Friday, August 21, 2009

Dog Days of Summer: Deborah Blake's Writing Excerpt

This week our guest at Dog Days is author Deborah Blake. Deb's currently working on her fifth book with Llewellyn and working on several novels. She's won awards for her writing and gotten some wonderful reviews.

She's allowing me to post a snippet of her current wip KING ME! Deb says, "KING ME! is a humorous paranormal romance about a modern witch who accidentally brings King Arthur back to save the world. Oops." I know you'll enjoy it. :-)

Chapter One

When a lunar eclipse coincides with the Summer Solstice, even the least gifted witch can work true magic. A powerful witch should probably stay home and watch bad reality shows on television, just to be safe.

Morgan Fairfax’s coven was a motley assortment of strange and wonderful eccentrics, none of whom had any unusual abilities. That made it even more amazing when they managed to achieve the impossible, entirely by accident.

Oops.

* * *

Morgan held her athame out in front of her, the light of the full moon reflecting off the blade of the traditional witch’s knife. Around her, the rest of the coven drummed and chanted, raising energy within the magical circle they’d cast on the freshly mown grass in a quiet corner of Albany’s Washington Park.

When the moon’s face was hidden from sight, they would recite the spell that Morgan, as high priestess, had written for this very special occasion. In all the years that the Cauldron Oak coven had practiced together, there had never been such a potent time for magical work, so Morgan had labored for weeks to come up with the perfect words.

The wind blew her long dark hair into her face, and she pushed it away with her free hand. At least the candles stayed lit, protected in their hurricane lanterns, always a challenge when practicing witchcraft outside. Morgan could feel the energy building higher and higher, timed to coincide with the eclipse so that the witches could release their will into the universe at the optimum moment.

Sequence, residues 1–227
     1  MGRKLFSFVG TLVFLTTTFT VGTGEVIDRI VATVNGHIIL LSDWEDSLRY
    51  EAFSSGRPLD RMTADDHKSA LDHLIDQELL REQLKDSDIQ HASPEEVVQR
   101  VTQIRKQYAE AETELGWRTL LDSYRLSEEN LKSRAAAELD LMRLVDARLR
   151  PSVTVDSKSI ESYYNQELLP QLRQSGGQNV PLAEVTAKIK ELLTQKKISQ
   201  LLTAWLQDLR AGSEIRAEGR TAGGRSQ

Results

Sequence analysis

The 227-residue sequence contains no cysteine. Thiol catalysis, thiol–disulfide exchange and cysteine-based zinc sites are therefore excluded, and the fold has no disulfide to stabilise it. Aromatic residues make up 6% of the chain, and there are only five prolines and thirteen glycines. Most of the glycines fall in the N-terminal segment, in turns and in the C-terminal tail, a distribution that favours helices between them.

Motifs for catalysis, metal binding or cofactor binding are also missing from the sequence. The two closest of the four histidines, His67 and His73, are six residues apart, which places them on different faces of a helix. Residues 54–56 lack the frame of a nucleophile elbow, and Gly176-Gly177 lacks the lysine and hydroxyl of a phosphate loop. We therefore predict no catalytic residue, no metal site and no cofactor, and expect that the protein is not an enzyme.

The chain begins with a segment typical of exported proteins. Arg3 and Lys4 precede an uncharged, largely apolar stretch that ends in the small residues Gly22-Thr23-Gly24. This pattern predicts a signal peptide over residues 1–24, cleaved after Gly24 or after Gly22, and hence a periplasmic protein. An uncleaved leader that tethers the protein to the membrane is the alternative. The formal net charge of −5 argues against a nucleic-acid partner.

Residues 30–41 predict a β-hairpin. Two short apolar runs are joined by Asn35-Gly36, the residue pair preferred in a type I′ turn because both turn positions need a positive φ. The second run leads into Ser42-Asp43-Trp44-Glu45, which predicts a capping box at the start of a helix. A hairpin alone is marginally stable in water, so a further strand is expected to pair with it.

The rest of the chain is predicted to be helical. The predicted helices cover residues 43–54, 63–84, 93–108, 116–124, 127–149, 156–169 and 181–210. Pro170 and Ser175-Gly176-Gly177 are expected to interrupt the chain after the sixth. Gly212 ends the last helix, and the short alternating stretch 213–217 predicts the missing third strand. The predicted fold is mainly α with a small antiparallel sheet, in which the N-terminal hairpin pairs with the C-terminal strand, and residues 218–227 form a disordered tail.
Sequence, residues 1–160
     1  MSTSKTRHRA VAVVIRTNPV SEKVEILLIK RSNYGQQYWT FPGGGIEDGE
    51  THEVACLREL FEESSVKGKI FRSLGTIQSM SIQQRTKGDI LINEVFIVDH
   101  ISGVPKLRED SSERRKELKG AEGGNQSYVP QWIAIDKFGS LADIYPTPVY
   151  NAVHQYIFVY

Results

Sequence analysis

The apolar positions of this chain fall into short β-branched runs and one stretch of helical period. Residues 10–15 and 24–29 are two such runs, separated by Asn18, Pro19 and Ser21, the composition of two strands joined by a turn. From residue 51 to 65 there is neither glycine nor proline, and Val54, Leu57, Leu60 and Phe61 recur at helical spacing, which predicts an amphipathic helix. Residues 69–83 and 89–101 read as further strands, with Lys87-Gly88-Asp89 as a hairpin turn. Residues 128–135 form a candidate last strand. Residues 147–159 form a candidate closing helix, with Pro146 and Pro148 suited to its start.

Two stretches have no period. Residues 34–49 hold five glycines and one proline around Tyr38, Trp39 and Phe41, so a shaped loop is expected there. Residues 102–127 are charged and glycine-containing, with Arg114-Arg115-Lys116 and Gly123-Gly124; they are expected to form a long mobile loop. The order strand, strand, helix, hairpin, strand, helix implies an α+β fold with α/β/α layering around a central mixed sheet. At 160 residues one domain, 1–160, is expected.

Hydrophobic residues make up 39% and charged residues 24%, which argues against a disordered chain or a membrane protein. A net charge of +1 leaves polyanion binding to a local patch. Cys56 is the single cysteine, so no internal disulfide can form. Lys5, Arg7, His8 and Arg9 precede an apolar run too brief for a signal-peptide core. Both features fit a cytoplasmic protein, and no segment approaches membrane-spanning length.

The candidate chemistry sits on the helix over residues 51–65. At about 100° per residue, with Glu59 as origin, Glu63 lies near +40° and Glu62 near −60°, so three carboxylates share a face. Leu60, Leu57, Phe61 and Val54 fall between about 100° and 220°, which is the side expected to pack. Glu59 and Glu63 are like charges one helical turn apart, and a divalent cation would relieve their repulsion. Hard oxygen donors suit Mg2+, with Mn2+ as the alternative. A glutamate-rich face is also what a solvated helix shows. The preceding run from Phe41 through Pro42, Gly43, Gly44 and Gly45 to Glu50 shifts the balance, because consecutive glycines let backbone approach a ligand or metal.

The edge of the moon disappeared. Morgan looked around the circle at her coven mates as the sound of drums and voices filled the night. Charlotte’s chanting was endearingly out of tune and Michael’s sense of rhythm was all his own, but that’s what made the coven so powerful; they all put a part of themselves into the brew. The others had not been brought up with the Craft as Morgan had, but working together, they wove a magic far stronger than most individual witches could create.

Witchcraft was all about connection, as far as Morgan was concerned, bonding together all of them, the gods, and the earth itself. That’s why she’d designed tonight’s ritual as a gift to Mother Earth. She’d wanted a way of giving back to the land that nourished and supported humans and had been so badly treated in return.

The spell Morgan had written was a response to the ever-growing problems of global warming, the energy crisis and the endless wars that depressed her every time she turned on the television. After all, Morgan reasoned, who better than witches—people who believed in the power of magic to create positive change in the universe—to try and move things in a better direction?

To learn more about Deb and the class she'll be teaching online, go to her site and the Lowcountry Writers class site.

Leave Deb a comment and you're entered to win two free books this week through our random roll of the dice! Good luck--join us tomorrow for Deb's advice for fellow writers!

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